|Quadrangle map, 1:250,000-scale||SD|
|Quadrangle map, 1:63,360-scale||D-5|
|Nearby scientific data||Find additional scientific data near this location|
|Location and accuracy||The center of the Sweetheart Ridge prospect is at an elevation of about 2,800 feet about 1.9 miles south of the southwest end of Lower Sweetheart Lake. The mineralization extends for more than 2,000 feet in a north-northwest direction. The center is about 0.4 mile south of the center of section 32, T. 45 S., R. 73 E. Figure D-222 of Redman and others (1989) is a map of the deposit.|
Claims were staked on or near the Sweetheart Ridge prospect in the 1890s but little was known about the deposit until it was rediscovered during a Wilderness study by the U.S. Bureau of Mines and U.S. Geological Survey in 1974 (Kimble and others, 1984; Redman and others, 1989). The deposit consists of stratiform mineralization in a zone about 200 feet wide and 10,000 feet long that strikes about N20W and dips about 65-85W. The host rocks have been variously described. Kimble and others (1984) describe them as iron-stained schist and gneiss with gray chlorite schist, part of the Cretaceous hornblende schist unit of Brew and Grybeck (1984). Redman and others (1989) describe the host rocks as mainly greenstone interlayered with felsic schist, quartz-sericite schist, and biotite-feldspar schist. Newberry and others (1997) suggest that the deposit is Devonian but query that age.
Redman and others (1989) defined four types of mineralization: 1) lenses of massive sulfides, mainly chalcopyrite and sphalerite with subordinate galena; 2) disseminated pyrite and chalcopyrite outward from the massive sulfide lenses; 3) chalcopyrite in concordant quartz veins and veinlets; and 4) stringer and blebs of chalcopyrite. The massive sulfide lenses occur in a distinct horizon near the top of a muscovite-schist unit. The massive sulfides occur in lenses, the largest of which is about 0.75 by 6 feet in section that can be traced for 200 feet. Drilling indicates that the massive-sulfide mineralization increases at depth. For instance, the best mineralized zone sampled by Kimble and others (1984) is 5.5 feet thick at the the surface; it contained 0.93 percent copper, 0.52 percent zinc, 0.23 percent lead, and 10.3 parts per million gold. Later drilling by Mapco Exploration cut the same lens at a depth of 150 feet where it contained 1.1 percent copper, 1.58 percent zinc, 0.63 percent lead, and 9.3 ppm gold. The chalcopyrite-quartz veins are thin, typically less than 1 inch thick, and usually are associated with chalcopyrite stringers. The chalcopyrite stringers are extensive through the length and width of the zone.The Sweetheart Ridge prospect was staked by Mapco Exploration in 1978 and they explored the deposit until 1982. They drilled several thousand feet of hole in the belt. (Redman and others (1989) show the location of two holes; Newberry and others (1997) refer to 14 holes.) As a result of the Mapco drilling and surface sampling, Redman and others (1989) estimate an inferred resource for the prospect of 45,000 tons of material that contain an average of 0.22 ounce of gold per ton, 0.9 percent zinc, 0.9 percent copper, and 0.45 percent lead.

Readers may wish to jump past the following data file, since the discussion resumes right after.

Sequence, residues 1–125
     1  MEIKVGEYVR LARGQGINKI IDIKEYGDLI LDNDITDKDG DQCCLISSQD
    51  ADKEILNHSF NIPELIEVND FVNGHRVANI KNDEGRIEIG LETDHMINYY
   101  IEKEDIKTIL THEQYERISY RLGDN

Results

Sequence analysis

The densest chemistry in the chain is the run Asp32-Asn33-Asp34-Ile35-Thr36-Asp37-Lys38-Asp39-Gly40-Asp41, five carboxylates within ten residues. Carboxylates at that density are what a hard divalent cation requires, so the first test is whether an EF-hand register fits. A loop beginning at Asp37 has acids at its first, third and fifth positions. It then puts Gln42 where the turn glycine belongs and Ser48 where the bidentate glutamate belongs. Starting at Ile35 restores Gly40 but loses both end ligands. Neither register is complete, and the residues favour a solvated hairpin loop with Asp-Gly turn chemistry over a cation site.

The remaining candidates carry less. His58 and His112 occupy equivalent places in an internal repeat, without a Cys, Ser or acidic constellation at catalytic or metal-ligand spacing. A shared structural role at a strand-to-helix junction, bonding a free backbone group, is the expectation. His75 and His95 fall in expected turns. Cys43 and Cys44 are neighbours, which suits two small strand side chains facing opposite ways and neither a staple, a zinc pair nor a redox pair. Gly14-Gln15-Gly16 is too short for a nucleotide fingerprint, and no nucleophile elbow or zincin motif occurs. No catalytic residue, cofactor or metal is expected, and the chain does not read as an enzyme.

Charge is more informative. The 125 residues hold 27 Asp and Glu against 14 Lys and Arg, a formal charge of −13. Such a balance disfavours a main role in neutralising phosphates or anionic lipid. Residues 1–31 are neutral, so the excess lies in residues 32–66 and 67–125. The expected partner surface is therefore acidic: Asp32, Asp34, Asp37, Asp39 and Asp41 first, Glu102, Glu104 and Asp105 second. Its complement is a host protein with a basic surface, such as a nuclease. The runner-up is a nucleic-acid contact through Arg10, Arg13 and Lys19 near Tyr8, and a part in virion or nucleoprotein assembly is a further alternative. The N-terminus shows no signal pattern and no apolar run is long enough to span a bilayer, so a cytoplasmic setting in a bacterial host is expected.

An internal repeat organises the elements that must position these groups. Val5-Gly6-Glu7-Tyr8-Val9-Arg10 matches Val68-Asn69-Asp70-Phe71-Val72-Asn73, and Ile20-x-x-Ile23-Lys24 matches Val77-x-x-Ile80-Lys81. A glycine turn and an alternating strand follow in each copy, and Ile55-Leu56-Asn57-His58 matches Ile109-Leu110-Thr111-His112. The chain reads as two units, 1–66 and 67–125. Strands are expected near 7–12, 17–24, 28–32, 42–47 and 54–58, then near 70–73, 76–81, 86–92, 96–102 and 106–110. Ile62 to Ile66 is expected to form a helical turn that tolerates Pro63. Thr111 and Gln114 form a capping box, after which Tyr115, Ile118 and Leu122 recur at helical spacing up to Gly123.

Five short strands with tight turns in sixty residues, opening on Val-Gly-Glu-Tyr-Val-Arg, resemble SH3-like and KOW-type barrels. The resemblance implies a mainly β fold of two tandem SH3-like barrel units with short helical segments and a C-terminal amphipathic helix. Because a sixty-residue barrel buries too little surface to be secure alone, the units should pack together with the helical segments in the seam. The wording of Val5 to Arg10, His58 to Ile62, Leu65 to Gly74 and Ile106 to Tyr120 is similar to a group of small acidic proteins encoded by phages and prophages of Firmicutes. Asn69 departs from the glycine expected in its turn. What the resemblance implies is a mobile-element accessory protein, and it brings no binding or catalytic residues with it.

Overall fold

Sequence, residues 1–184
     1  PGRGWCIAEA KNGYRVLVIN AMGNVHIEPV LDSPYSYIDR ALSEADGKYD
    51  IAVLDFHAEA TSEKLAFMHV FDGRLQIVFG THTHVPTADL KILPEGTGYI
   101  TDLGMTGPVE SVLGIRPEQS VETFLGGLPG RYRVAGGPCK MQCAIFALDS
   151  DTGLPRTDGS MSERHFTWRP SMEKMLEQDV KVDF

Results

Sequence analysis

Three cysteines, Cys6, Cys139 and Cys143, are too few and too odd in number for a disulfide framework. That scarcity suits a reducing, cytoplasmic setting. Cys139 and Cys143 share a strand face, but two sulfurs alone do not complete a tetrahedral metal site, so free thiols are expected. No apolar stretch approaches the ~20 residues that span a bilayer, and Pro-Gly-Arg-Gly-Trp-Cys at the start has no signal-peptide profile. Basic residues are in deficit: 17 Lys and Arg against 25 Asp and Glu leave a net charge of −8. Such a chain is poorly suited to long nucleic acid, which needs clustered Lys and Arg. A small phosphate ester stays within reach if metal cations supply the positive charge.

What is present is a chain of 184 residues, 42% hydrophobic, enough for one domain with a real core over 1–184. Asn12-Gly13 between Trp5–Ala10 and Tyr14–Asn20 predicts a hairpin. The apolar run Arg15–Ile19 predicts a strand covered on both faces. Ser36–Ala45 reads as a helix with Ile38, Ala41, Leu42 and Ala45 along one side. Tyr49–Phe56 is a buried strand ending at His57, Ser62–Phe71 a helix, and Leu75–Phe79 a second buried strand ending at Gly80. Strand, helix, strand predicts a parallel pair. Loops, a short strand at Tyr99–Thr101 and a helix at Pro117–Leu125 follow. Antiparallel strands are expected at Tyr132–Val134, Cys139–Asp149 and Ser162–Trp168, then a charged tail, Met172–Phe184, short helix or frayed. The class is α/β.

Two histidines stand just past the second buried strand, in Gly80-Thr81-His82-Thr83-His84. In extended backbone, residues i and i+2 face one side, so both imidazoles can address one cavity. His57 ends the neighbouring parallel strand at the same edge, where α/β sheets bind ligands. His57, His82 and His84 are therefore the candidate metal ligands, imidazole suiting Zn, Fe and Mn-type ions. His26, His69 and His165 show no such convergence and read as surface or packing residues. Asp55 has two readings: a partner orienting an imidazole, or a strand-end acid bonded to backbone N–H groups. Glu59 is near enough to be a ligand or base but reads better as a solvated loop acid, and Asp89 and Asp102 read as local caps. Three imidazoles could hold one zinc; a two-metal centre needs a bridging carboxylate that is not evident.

|Geologic map unit||(-133.629099987761, 57.9188372742572)|
|Mineral deposit model||Metamorphosed volcanogenic massive-sulfide deposit.|
|Age of mineralization||Brew and Grybeck (1984) place the deposit in Cretaceous metamorphic rocks; Newberry and others (1997) suggest that the deposit and the age of the protolith of the host rocks is 'Devonian?'|
|Workings or exploration||Some open cuts and pits; several thousand feet of hole were diamond drilled from 1978 to 1982.|
|Indication of production||None|
|Reserve estimates||As a result of the Mapco drilling and surface sampling, Redman and others (1989) estimate an inferred resource for the prospect as 45,000 tons of material that contain an average of 0.22 ounce of gold per ton, 0.9 percent zinc, 0.9 percent copper, and 0.45 percent lead.|
Additional commentsThe prospect is along the boundary of the Tracy Arm-Ford Terror Wilderness Area which is closed to mineral exploration and mining.
Brew, D.A., and Grybeck, Donald, 1984, Geology of the Tracy Arm-Fords Terror wilderness study area and vicinity, Alaska, in U.S. Geological Survey and U.S. Bureau of Mines, Mineral resources of the Tracy Arm-Fords Terror wilderness study area and vicinity, Alaska: U.S. Geological Survey Bulletin, 1525, p. 19-52.
Kimble, A.L., Still, J.C., and Rataj, J.L., 1984, Mineral deposits and occurrences in the Tracy Arm-Fords Terror wilderness study area and vicinity, Alaska, in U.S. Geological Survey and U.S. Bureau of Mines, Mineral resources of the Tracy Arm-Fords Terror wilderness study area and vicinity, Alaska: U.S. Geological Survey Bulletin 1525, p. 105-210.
Newberry, R.J., Crafford, T.C., Newkirk, S.R., Young, L.E., Nelson, S.W., and Duke, N.A., 1997, Volcanogenic massive sulfide deposits of Alaska, in Goldfarb, R.J. and Miller, L. D., eds., Mineral deposits of Alaska: Economic Geology Monograph 9, p. 120-150.
Redman, E.C., Maas, K.M., Kurtak, J.M., and Miller, L.D., 1991, Section D: Juneau Gold Belt subarea, in U.S. Bureau of Mines, Mineral investigations in the Juneau Mining District, Alaska, 1984-1988: Volume 2 - Detailed mine, prospect, and mineral occurrence descriptions: U.S. Bureau of Mines Special Publication VOL. 2D, 424 p., 19 sheets.
|Reporters||Donald Grybeck (U.S. Geological Survey)|
|Last report date||10/8/2004|